Phantasmagoria was a form of theatre which used a modified magic lantern to project frightening images such as skeletons, demons, and ghosts onto walls, smoke, or semi-transparent screens, frequently using rear projection. The projector was mobile, allowing the projected image to move and change size on the screen, and multiple projecting devices allowed for quick switching of different images. Invented in France in the late 18th century, it gained popularity through most of Europe (especially England) throughout the 19th century.
Étienne-Gaspard Robert (1763–1837), was a prominent Belgian stage magician and influential developer of phantasmagoria. Alongside his pioneering work on projection techniques for his shows Robert was also a physics lecturer and a keen balloonist at a time of great development in aviation.
Robert developed a phantasmagoria show based around his projection system and the use of other effects and techniques. Robert scripted scenes that involved actors and ventriloquism alongside his projections, creating a convincing impression of the appearance of ghosts. Robert used several projection devices in a variety of ways, including rear projection and projection onto large pieces of wax-coated gauze (giving the image a more translucent appearance). He also used smoke and mirrors to further disguise the mechanisms behind his show.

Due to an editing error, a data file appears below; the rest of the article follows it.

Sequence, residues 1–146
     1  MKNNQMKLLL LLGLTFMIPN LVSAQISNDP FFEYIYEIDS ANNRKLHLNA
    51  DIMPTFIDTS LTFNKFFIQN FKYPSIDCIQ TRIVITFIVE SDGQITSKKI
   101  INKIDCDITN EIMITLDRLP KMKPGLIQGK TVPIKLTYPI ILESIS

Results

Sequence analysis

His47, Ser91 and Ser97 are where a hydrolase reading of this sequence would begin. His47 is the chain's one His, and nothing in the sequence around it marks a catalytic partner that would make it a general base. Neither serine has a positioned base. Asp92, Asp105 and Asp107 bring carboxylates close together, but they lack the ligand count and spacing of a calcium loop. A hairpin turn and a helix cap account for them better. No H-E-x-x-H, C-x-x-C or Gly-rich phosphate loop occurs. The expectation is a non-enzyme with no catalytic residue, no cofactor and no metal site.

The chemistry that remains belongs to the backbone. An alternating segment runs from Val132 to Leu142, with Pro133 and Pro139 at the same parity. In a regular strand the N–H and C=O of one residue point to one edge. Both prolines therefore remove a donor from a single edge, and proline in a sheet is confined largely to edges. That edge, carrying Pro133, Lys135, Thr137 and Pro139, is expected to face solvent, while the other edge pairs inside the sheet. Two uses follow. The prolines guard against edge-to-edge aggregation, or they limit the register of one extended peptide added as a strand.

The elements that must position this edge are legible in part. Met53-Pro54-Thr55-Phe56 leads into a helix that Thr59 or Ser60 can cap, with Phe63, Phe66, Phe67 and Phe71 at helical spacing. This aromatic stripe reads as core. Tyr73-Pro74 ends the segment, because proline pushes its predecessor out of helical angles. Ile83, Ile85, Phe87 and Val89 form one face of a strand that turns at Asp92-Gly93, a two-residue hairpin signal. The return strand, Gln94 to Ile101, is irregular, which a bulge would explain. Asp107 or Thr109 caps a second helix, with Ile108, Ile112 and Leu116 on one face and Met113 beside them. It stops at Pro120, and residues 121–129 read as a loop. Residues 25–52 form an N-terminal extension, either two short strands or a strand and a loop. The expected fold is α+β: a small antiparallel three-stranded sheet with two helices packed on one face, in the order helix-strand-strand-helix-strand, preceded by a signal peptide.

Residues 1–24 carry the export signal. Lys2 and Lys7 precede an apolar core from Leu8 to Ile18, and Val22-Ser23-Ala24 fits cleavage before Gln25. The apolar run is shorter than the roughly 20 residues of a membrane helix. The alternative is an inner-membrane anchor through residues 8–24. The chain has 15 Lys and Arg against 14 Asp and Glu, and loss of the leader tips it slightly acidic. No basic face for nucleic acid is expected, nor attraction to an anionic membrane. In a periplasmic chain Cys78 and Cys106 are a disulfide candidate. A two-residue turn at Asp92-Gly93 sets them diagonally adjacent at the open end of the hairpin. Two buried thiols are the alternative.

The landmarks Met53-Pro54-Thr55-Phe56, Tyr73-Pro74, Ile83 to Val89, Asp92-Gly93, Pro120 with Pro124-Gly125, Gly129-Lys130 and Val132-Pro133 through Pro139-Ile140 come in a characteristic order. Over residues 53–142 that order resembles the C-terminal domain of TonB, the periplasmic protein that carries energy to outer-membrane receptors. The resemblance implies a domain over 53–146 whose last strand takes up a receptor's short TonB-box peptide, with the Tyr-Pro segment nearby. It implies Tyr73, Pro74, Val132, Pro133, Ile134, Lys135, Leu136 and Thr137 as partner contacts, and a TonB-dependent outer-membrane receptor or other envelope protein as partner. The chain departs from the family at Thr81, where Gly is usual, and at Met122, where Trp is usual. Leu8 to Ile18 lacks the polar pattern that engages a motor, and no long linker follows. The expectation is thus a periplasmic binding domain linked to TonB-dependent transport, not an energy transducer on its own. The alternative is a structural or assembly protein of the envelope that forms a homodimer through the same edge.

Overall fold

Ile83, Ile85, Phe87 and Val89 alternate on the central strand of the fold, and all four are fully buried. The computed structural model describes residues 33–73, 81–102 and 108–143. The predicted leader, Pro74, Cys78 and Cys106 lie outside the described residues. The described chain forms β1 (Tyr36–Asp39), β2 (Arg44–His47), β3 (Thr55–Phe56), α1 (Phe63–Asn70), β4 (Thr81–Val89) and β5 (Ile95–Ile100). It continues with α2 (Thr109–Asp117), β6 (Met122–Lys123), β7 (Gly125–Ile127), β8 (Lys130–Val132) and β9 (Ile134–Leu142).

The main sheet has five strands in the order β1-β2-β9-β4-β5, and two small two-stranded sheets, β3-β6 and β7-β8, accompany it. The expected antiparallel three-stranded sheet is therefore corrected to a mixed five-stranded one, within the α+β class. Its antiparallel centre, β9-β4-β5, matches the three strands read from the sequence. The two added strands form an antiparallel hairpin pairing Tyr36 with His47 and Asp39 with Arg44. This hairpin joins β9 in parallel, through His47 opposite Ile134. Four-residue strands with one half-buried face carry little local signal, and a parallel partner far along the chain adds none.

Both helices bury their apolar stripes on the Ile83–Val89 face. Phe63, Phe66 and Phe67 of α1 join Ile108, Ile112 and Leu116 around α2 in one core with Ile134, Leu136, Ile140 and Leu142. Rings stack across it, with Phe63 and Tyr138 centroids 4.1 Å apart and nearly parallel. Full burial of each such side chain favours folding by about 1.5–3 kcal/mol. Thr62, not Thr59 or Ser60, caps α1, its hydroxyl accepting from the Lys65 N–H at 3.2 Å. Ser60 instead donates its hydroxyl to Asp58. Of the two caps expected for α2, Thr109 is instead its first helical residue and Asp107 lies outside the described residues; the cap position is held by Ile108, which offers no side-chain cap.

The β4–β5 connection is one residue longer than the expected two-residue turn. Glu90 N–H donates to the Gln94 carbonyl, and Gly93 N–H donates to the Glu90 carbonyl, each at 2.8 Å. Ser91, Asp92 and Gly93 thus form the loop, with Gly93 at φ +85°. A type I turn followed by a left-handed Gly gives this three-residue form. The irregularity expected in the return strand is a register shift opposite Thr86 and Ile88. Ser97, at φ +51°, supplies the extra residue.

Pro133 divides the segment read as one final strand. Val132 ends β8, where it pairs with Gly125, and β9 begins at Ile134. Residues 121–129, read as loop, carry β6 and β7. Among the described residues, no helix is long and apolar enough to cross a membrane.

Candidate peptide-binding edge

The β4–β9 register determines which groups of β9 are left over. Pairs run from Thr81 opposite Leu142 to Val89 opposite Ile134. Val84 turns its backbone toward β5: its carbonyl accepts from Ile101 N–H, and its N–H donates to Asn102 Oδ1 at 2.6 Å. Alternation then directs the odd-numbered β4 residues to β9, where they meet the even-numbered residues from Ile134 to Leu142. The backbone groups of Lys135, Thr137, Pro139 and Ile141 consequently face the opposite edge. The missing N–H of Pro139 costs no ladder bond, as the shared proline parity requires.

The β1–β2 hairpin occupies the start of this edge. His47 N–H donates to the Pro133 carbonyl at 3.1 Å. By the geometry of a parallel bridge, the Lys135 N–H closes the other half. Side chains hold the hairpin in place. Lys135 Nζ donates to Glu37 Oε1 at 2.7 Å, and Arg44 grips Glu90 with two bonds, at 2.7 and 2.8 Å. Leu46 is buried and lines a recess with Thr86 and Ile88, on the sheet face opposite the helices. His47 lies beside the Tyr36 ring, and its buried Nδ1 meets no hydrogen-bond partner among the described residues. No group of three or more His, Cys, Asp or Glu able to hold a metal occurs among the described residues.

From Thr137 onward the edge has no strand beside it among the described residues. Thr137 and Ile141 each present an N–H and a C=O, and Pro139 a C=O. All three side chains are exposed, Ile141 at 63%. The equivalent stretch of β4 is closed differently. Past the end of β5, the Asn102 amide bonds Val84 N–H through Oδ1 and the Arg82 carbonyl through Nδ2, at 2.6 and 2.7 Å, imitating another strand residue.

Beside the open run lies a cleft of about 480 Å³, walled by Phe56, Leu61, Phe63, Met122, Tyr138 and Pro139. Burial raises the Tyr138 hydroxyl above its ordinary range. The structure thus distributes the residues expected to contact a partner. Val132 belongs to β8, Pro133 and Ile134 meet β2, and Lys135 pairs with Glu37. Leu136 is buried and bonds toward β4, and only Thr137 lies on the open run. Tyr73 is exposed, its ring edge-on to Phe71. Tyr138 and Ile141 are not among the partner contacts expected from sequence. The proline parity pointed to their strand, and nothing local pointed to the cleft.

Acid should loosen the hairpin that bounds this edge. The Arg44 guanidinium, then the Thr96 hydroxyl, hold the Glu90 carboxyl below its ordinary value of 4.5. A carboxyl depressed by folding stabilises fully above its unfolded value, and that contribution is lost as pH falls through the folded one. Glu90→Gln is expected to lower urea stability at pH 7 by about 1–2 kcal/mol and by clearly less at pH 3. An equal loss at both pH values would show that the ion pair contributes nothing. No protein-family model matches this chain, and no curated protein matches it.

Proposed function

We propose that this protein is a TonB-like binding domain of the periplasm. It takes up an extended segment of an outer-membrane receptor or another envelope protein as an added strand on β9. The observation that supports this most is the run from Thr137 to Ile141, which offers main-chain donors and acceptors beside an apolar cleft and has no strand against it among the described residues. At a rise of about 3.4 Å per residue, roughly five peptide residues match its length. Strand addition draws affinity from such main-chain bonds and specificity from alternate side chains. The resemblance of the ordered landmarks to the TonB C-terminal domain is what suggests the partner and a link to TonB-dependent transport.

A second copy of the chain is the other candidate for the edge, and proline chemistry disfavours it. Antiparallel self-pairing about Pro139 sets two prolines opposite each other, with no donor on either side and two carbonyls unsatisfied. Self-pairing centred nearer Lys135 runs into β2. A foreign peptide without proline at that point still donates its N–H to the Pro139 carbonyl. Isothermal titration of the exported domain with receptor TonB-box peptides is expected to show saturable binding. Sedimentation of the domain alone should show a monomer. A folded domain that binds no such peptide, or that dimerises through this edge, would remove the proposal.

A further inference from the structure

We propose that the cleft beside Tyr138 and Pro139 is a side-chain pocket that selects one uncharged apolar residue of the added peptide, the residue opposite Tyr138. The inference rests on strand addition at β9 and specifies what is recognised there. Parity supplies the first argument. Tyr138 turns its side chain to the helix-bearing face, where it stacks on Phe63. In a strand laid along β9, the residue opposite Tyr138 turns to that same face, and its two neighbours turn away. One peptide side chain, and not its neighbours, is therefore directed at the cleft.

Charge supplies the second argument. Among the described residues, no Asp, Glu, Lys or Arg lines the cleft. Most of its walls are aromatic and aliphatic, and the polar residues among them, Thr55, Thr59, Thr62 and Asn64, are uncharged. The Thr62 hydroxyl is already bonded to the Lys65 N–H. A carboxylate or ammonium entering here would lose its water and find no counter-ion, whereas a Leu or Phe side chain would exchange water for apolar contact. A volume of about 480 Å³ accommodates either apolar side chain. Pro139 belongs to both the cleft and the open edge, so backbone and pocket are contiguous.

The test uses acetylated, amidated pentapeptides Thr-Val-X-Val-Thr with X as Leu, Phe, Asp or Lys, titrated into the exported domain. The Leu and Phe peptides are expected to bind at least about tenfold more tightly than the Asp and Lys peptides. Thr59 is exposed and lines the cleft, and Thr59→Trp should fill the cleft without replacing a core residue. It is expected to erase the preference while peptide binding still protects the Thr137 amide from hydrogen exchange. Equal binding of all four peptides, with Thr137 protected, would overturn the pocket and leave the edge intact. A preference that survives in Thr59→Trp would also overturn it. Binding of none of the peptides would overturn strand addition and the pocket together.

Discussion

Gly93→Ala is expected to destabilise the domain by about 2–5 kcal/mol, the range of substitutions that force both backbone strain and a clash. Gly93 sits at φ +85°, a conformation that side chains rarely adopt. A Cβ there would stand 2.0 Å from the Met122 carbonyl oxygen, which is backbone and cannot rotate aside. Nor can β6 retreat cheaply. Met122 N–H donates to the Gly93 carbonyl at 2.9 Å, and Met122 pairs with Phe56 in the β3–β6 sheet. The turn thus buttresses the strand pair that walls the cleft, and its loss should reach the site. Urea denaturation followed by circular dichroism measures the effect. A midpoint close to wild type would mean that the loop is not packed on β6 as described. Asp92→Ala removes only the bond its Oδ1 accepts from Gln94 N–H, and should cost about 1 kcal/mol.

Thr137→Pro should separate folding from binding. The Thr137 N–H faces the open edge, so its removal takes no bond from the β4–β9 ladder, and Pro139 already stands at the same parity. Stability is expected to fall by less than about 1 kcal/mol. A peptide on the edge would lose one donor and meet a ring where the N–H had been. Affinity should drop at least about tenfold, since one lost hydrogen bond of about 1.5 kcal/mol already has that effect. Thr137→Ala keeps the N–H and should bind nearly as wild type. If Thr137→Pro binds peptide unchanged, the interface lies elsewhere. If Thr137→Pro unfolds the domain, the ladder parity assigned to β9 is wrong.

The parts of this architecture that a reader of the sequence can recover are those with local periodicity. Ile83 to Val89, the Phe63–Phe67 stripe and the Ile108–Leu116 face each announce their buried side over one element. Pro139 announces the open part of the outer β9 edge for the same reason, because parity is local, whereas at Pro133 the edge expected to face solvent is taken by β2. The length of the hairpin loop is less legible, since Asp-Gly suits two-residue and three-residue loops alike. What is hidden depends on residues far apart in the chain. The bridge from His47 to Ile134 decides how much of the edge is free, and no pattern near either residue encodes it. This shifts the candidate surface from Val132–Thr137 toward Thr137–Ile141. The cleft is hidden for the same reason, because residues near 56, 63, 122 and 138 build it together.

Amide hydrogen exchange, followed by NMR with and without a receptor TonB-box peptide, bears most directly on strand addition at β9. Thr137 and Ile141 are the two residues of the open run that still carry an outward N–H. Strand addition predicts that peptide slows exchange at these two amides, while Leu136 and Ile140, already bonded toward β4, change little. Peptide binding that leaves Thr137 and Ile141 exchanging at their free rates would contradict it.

In 1797, Robert presented his first "fantasmagorie" at the Pavillon de l'Echiquier in Paris. The macabre atmosphere in the post-revolutionary city was perfect for Robertson's Gothic extravaganza complete with elaborate creations and Radcliffean décor.
After discovering that he could put the magic lantern on wheels to create either a moving image or one that increased and decreased in size, Robertson moved his show. In an abandoned crypt of a Capuchin convent near the Place Vendôme, he staged hauntings, using several lanterns, special sound effects and the eerie atmosphere of the tomb. This show lasted for six years, mainly because of the appeal of the supernatural to Parisians.
Robert mainly used images surrounded by black in order to create the illusion of free-floating ghosts. However, he also would use multiple projectors, set up in different locations throughout the venue, in order to place the ghosts in environments. For instance, one of his first phantasmagoria shows displayed a lightning-filled sky with both ghosts and skeletons receding and approaching the audience. In order to add to the horror, Robert and his assistants would sometimes create voices for the phantoms. Often, the audience forgot that these were tricks and were completely terrified:
“I am only satisfied if my spectators, shivering and shuddering, raise their hands or cover their eyes out of fear of ghosts and devils dashing towards them.” Robert wrote.
In fact, many people were so convinced of the reality of his shows that police temporarily halted the proceedings, believing that Robert had the power to bring Louis XVI back to life. Once the show was back, Robert was exposed to the law again, this time in the form of a lawsuit against his former assistants who had started their own phantasmagoria shows using his techniques. It was this lawsuit in 1799 in which Robert was required to reveal his secrets to the public and magic lantern shows popped up across Europe and in the United States shortly after, though many were not as elaborate as Robert's. (wikipedia1 and wikipedia2) His tomb in Père Lachaise Cemetery, Paris is a piece of sculpture art and was inspired by his spactacles: